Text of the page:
When the Council allowed street traders’ barrows to extend into the Avenue in 1950, it was already looking a bit battered due to war damage and neglect. The last of the canopy was dismantled c.1989 but the Council had miscalculated and could not afford to put anything back in its place.
This used to be the northern end of Wiltshire Road, but was cut off by building of the Angell Town Estate in the early 1970s. The separate section was given this name because 5 roads appear to meet at the traffic lights where Loughborough Road takes a sharp bend.
see Slade Gardens.
The Loughborough part of the title comes from Henry Hastings, who was created 1st Baron Loughborough in 1660, when King Charles II was restored to the throne. Henry had commanded Royalist forces in Leicestershire during the Civil War, but in the 1660s he was living at Loughborough House, just to the east of Brixton Road, at the corner of the present Loughborough Road and Evandale Road. That house was rebuilt before 1700 but the new version was used as a boys’ boarding school in the late 18th and early 19th century until demolished c.1854, when the area was being covered with new streets of houses.
Most of the land along Loughborough Road was first developed by successive Lords Holland (see Myatt’s Fields). One Regency terrace survives next to the school. The next phase of development was in the 1840s and 50s under the 3rd Lord Holland, but most of this has been replaced by later flats, apart from sections in Barrington Road and Loughborough Park.
Loughborough Junction Station was genuinely a junction of railway services from the 1860s until the First World War, when local railway services were cut back. Nowadays only the Thameslink service between Blackfriars and Herne Hill stops here. Even the London Overground service sails past without stopping.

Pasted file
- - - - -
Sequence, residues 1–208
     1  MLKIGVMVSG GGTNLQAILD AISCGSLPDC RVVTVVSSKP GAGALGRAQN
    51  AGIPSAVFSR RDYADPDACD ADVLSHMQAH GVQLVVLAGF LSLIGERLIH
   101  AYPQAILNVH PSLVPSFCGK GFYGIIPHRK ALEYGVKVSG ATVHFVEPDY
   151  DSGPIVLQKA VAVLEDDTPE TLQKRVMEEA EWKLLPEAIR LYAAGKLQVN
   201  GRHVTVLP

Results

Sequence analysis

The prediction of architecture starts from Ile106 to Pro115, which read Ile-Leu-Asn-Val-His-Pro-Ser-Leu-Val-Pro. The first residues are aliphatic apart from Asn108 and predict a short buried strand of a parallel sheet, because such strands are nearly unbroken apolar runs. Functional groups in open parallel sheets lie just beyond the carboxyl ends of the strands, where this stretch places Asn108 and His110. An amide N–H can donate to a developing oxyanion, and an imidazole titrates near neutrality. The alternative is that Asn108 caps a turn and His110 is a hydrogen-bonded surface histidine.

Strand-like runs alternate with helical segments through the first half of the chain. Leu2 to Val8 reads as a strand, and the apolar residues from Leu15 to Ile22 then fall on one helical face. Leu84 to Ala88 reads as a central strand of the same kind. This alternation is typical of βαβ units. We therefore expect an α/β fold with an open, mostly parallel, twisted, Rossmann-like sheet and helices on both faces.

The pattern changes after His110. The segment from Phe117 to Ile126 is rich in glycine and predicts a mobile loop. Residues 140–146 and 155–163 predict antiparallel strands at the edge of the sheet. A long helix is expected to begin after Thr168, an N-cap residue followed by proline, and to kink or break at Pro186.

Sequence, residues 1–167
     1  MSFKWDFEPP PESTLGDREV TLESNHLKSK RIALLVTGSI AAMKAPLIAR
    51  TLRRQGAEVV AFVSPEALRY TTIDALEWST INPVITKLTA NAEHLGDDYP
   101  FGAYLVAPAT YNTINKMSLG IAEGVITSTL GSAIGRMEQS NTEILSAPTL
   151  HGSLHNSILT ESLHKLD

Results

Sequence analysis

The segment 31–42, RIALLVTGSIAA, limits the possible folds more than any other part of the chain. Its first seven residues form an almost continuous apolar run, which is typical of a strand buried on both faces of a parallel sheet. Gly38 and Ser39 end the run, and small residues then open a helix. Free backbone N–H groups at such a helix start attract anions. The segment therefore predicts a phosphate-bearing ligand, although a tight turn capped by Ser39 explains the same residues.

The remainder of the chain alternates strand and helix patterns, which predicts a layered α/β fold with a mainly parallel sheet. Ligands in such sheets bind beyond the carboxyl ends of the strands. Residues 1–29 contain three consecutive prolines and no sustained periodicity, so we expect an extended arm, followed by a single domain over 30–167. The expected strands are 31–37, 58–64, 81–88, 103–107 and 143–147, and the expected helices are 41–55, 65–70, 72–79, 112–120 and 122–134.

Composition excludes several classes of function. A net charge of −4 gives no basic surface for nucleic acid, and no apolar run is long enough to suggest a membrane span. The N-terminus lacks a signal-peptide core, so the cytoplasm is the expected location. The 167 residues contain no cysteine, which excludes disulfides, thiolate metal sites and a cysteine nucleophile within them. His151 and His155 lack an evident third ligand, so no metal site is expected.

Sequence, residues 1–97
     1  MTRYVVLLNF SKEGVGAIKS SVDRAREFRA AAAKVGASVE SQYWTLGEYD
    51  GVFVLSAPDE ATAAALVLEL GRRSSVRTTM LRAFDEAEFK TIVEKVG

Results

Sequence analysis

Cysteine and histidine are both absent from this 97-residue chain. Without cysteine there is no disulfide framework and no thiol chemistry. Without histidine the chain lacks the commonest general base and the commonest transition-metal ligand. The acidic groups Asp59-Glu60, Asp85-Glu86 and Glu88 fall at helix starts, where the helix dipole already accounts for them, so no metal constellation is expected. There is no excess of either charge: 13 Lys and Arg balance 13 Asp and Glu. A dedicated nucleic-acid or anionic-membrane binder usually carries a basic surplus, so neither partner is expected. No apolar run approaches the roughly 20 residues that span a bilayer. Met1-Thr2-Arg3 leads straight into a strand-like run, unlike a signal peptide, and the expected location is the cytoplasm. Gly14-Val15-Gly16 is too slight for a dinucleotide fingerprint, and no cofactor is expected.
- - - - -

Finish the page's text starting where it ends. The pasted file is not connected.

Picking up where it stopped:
Between Brixton and Camberwell lay the extensive Minet family estate. The main part was let to market gardener Joseph Myatt until the 1880s, when most of the estate was built over. However a new park was created in the centre of the estate and opened in 1889 as Myatt’s Fields Park.
Other amenities provided within the estate were Longfield Hall, the Minet Library and a home for District Nurses.
Lambeth Council’s Myatts Fields Estates (North and South) were built in the 1970s on land further west which had been owned by Lord Holland in the 19th century, but which had later reverted to the Church Commissioners.
At one time it was supposed that the road was named after John Railton, who was William Booth’s deputy as leader of the Salvation Army, but the road was actually named (c.1869) before he even joined that organisation. The accepted explanation nowadays is that it was named from a local landowner back in the 16th century, Gregory Railton.
This must be one of the shortest roads in the area. It is a cul-de-sac off Stockwell Road leading into Stockwell Primary School.
It is named after Archbishop Oscar Romero of El Salvador (1917-1980) who was shot dead while celebrating Mass on 24th March 1980. He was a leading light of South American “Liberation Theology”. Pope Francis declared him a saint on 14 October 2018.
Originally a residential area of smaller, cheaper houses away from the more prestigious Brixton Road frontage, the whole originally developed by Felix Slade, a wealthy businessman who is chiefly remembered for endowing the Slade School of Art, and a professorship at Oxford.
After bombing during the Second World War, most of this area was cleared to provide a small public open space. Original road names came from places in Yorkshire/ the Pennines, based on Slade family connections with that area.
Ingleborough Street is the only road name to survive, with just a small block of 1930s apartments left almost in the middle of the park.